ST. LOUIS - SEPTEMBER 26: Sam Bradford #8 of the St. Louis Rams takes the field against the Washington Redskins at the Edward Jones Dome on September 26 2010 in St. Louis Missouri. The Rams beat the Redskins 30-16. (Photo by Dilip Vishwanat/Getty Images)
The Rams, after a disastrous 2011 season, are sort of the forgotten team in the NFC West this offseason. The Niners are likely going to be in the pundit preseason Super Bowl conversation, the Cardinals and Seahawks are on the rise after solid second halves last year, especially on defense, but I think the Rams also have a shot at surprising some in 2012. I'm a little reticent to say too much about a team or player I haven't yet studied very intently so I don't want to make too many judgements about Sam Bradford as a player, but you can count me among those that believe he can still have a very good NFL career and be one of the better starting quarterbacks in the league.
Bradford's arm strength is the first thing that pops off the screen to me. He throws with great zip and has a nice quick release that delivers a smooth looking, tight spiral. He can do this on the run or from the pocket. His accuracy in 2011 seemed to be pretty erratic at times and my impression was that in the mid- to short-range, there were a lot of throws that would land either a few yards in front of or at the feet of his intended receiver. He had some overthrows on deep passes that I'm sure he'd want back.
Bradford's had some issues that have held him back a bit since entering the league, as Joe McAtee of Turf Show Times explained - and of course, they start with the absence of chemistry with receivers and continuity coaching-wise. St. Louis had Pat Shurmur as offensive coordinator and Richard Curl as QB coach in 2010 and Bradford fared well, setting several records as a rookie quarterback and nearly winning the NFC West (you should remember this). Then, Josh McDaniels transitioned to offensive coordinator in 2011 as the Rams lost Shurmur to Cleveland as Mike Holmgren's new head coach, and curiously, the club decided to go without a quarterback coach.
As far as Bradford's go-to wide receivers, Mark Clayton was first in 2010, catching 10 passes for 119 yards and two touchdowns in his first game as a Ram after being traded for less than a week earlier, but tore his patellar tendon in Week 5. Danny Amendola emerged as Bradford's lean-to receiver after Clayton went down but got hurt Week 1, leaving two rookie receivers in Greg Salas and Austin Pettis and a rookie TE in Lance Kendricks to pick up the slack. The Rams went out and got Bradford's primary weapon in Brandon Lloyd in Week 7, but at that point he was far behind in the playbook and in chemistry with the man throwing him passes. As McAtee put it and I would agree - it's hard as a young QB to be successful with all that going on; most top quarterbacks are afforded more continuity.
I've embedded some videos below via RamsOnDemand that take a big chunk of Bradford's throws from 2011, and I've included Ron Jaworski's QB breakdown as well; what you'll see among some very impressive throws is a mixed bag of bad line play, weird Josh McDaniels playcalling, and some headscratching passes from the soon-to-be third year quarterback.
Jaws' look at Bradford beat me to the punch on the one pass that I wanted to point out to you guys but I'll talk about it anyway - this 34-yard dagger on the run to his right that hit Brandon Gibson in the back of the endzone for a touchdown against the Ravens. Watching that throw brought Aaron Rodgers to mind for me - not that I'm comparing the two in overall talent at this point in their careers because Rodgers is at another level. But, when I watch Rodgers, the first thing I notice is his ability to throw moving out of the pocket - lightning fast wind-up and sling-shot delivery with great velocity on the football, and that throw by Bradford is reminiscent of the top arm talents in the NFL like Rodgers or Matt Stafford. He has the ability to make a 45-yard pass into the back of the end zone on a dime with touch and velocity -- that's rare.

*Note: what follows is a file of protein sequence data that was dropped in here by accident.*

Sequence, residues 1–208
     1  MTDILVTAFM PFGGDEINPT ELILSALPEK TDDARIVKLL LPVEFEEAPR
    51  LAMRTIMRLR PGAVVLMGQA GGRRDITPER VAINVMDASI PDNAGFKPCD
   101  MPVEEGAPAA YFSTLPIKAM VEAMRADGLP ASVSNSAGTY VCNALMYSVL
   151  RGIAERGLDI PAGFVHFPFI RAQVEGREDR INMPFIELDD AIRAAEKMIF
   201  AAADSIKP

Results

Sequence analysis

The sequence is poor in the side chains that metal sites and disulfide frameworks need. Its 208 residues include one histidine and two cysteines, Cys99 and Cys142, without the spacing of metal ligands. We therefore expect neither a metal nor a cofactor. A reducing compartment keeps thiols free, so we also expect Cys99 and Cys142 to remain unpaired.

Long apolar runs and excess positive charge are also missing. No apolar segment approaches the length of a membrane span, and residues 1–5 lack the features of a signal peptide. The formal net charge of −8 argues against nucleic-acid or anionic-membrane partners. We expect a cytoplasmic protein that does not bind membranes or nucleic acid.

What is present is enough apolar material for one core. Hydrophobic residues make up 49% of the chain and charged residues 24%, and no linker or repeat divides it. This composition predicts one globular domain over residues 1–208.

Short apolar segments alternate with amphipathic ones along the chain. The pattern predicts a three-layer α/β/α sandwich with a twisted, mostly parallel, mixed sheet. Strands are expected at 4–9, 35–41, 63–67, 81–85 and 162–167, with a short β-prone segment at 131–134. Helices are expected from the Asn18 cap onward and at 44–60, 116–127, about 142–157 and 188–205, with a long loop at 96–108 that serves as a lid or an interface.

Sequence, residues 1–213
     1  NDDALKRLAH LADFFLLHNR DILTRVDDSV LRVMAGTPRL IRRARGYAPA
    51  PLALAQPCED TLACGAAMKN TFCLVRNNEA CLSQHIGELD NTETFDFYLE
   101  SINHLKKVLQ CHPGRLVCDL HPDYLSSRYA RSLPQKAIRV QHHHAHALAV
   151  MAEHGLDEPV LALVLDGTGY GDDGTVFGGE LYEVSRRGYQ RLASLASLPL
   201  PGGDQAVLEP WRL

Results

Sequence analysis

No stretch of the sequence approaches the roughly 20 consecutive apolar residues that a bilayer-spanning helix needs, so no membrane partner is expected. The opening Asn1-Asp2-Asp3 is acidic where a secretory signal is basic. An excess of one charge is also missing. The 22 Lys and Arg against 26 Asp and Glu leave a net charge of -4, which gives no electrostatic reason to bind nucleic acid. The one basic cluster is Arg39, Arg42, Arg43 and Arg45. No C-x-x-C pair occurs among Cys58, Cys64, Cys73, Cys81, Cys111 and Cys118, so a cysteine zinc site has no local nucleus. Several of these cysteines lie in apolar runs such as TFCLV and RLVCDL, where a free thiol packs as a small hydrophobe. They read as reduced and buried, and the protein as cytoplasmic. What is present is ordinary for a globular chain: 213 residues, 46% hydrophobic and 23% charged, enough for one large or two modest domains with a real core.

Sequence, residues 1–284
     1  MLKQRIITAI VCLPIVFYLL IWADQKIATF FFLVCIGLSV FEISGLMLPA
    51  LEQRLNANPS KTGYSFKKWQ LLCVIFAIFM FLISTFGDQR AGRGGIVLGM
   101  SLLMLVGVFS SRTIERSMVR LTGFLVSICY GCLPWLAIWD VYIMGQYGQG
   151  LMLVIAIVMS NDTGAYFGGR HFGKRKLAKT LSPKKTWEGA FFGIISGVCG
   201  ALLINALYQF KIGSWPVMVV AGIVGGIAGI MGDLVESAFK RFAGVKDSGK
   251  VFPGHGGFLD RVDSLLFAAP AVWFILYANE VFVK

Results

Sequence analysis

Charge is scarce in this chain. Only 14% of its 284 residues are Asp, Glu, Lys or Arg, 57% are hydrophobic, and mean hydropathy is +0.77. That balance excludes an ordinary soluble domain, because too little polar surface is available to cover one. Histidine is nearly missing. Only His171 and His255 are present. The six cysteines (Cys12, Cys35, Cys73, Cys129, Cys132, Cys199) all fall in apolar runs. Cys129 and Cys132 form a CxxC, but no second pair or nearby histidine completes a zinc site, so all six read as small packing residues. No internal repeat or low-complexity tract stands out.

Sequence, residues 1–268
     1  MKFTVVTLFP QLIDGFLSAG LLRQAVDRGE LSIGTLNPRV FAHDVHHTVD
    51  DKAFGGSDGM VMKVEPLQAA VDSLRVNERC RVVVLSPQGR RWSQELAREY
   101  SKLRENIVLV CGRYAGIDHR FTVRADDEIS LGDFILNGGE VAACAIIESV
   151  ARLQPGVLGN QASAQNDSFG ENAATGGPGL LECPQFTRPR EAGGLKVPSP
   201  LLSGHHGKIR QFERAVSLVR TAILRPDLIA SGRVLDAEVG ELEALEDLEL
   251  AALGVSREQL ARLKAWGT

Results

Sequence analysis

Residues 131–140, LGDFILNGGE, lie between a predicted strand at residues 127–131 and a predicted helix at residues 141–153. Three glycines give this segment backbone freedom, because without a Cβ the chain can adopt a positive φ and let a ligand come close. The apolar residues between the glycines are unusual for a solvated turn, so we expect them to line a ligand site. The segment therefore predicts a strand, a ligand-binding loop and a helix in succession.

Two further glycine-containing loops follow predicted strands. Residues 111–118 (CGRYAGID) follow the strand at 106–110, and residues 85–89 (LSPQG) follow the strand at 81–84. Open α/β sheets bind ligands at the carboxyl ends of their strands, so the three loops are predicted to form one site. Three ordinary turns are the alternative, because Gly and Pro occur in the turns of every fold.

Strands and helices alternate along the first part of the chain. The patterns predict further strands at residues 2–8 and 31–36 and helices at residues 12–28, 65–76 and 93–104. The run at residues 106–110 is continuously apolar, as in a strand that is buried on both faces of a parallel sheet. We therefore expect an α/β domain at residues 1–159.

Now, obviously, Bradford will have to put everything together; get on the same page as his receivers, which is no small feat, as we've talked about here recently - acclimate to his third coordinator in three years, and his second head coach, but if I'm a Rams fan I have to feel pretty good about the potential that's still there. I'm in the camp that believes the Rams are on the uptick and quick; particularly on defense, but their offense may still surprise some people.
As their receiving corps improves - Salas and Kendricks are very promising in my opinion -, Bradford's confidence should too, and skittishness in the pocket should diminish in theory. Bradford also gets one of his favorite targets back this year in Danny Amendola and the Rams are expecting quick returns from Brian Quick and Chris Givens, two highly touted receivers from the Draft this year. Not to mention, St. Louis still has Steven Jackson and picked up an explosive homerun hitter in Isaiah Pead. On Paper, that offense should improve greatly in 2012, particularly if their line play can pick things up and defense can get them some better field position and maintain some leads.
Of course conversely, Sam Bradford, at the end of the day, still faces the harsh reality of starting another season with a new head coach, a new offensive coordinator, a new quarterback coach, and a couple of rookie receivers to throw to.
The final two videos brought to you by RamsOnDemand.